The Castle-and-Moat Era of Information Security is Over

CSO Magazine declares that the castle-and-moat era of information security is over. Acknowledging that this trend is not going to reverse itself, the article asks "But what defensive model comes next for information security if the perimeter goes away?"

Another part of the shift promoted by several experts involves a complete change in how security organizations view their efforts. "You cannot protect every house in the nation, so you create a border to the country," says Elad Baron, CEO at security provider Whale Communications. "The problem [with information security] is that you need lots of access, not just minimal access through those borders. There is still a perimeter, but you need to switch the paradigm from preventing everything to allowing secure access from anywhere."
From The World Is Your Perimeter - CSO Magazine - February 2004
Referenced Fri Mar 12 2004 14:45:07 GMT-0700

But actually, that's not quite true, is it? We do protect every house in the nation. The security blanket around my house is multi-layered and complex. It starts at the national border and goes down to the locks on my doors and personal alarm system. I was talking to someone last week about this and the idea that came up was that city walls became a thing of the past when technology for breaching them became widespread. That made securing things more complex, but it also enabled commerce in brand new ways. That's true of the current shift in how we think about information security as well.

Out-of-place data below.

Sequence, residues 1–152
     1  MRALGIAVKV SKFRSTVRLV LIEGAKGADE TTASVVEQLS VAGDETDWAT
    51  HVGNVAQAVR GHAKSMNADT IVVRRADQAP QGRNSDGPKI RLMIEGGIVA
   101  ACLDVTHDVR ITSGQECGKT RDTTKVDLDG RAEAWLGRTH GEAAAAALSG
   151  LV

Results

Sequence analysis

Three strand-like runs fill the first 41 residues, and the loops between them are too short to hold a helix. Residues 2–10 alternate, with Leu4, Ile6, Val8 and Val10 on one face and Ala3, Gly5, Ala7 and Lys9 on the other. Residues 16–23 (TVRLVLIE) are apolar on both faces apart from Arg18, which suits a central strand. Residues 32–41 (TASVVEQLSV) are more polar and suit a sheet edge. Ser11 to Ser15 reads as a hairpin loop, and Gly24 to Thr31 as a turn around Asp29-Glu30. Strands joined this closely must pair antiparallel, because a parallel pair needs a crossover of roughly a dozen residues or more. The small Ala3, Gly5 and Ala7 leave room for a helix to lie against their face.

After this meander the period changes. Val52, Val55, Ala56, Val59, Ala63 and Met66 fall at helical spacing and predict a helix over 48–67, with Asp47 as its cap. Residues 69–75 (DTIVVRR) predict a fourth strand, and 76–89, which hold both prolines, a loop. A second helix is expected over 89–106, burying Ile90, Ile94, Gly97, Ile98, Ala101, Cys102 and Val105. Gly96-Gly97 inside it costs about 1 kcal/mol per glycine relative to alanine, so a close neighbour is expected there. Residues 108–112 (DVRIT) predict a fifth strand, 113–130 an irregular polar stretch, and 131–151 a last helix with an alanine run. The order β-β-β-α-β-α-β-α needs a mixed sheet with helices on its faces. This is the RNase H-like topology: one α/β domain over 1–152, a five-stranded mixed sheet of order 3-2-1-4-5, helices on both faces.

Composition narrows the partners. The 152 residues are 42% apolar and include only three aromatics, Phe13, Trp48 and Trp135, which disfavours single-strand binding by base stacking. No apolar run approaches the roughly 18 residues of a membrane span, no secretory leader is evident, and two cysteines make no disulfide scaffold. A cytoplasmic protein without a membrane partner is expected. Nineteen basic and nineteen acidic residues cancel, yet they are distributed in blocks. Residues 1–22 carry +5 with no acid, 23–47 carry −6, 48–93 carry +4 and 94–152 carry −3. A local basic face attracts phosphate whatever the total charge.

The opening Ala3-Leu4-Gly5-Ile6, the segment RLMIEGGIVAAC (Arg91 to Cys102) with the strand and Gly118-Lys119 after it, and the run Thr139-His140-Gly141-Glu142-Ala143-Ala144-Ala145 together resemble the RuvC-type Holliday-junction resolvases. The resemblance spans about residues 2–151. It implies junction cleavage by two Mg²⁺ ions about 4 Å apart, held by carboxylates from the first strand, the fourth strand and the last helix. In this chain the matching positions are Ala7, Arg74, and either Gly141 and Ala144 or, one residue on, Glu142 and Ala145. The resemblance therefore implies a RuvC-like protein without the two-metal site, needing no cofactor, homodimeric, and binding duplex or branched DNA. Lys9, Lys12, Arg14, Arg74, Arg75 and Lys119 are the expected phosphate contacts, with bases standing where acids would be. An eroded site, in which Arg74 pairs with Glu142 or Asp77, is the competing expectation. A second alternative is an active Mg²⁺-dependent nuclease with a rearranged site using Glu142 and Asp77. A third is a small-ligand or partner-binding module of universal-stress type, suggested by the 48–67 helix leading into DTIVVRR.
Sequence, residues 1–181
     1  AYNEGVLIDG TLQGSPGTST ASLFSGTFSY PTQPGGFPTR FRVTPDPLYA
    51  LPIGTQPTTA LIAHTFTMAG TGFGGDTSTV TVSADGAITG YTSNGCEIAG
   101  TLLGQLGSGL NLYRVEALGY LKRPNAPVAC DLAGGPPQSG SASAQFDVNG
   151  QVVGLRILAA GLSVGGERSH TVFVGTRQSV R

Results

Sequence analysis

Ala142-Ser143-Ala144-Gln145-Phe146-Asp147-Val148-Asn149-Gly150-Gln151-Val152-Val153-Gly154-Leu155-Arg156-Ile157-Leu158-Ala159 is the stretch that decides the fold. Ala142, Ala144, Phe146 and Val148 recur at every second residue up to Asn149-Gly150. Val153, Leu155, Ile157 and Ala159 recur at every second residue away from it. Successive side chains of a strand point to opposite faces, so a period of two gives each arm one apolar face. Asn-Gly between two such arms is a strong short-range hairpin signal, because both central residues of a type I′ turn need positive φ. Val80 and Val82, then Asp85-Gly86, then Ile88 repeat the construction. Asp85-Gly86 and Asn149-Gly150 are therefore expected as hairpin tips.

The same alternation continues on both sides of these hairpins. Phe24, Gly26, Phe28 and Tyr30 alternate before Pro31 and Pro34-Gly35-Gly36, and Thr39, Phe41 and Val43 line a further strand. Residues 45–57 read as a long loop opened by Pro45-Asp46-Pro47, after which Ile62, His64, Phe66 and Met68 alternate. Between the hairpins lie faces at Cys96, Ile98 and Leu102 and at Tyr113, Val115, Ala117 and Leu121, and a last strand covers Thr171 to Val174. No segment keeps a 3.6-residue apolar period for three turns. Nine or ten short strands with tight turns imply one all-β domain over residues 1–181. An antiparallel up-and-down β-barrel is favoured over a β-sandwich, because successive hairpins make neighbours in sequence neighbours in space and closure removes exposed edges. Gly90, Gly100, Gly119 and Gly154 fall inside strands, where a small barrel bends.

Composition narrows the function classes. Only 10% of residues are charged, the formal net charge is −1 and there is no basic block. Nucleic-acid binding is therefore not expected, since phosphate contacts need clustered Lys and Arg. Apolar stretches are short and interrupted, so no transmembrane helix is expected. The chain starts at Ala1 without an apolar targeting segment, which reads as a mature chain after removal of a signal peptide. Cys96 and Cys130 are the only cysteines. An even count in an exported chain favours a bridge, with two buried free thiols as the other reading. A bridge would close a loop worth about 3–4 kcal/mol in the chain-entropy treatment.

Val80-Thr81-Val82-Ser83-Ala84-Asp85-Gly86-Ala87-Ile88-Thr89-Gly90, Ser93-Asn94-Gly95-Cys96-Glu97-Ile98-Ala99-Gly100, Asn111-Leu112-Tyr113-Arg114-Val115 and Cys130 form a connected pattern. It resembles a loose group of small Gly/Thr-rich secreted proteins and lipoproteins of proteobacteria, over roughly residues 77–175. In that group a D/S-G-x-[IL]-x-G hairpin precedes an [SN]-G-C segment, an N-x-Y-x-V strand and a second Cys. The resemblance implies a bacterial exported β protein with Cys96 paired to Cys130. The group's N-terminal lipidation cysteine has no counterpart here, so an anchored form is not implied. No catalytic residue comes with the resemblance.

New security paradigms demand that we turn the old model inside out and instead of viewing identity as a subtopic in security, start to view identity as the foundation for security. To do this, you have to think about identity first and independently and build an identity infrastructure that supports the business, including its security needs. My upcoming book addresses the topic of digital identity and focuses on how an enterprise can build an identity management architecture (IMA). An IMA doesn't describe how to implement an identity infrastructure, but rather defines a context within which the identity infrastructure is deployed. The IMA captures the security requirements of the business, along with the primary requirements of the business (such as partner relationships), so that the identity infrastructure can be built to meet those needs.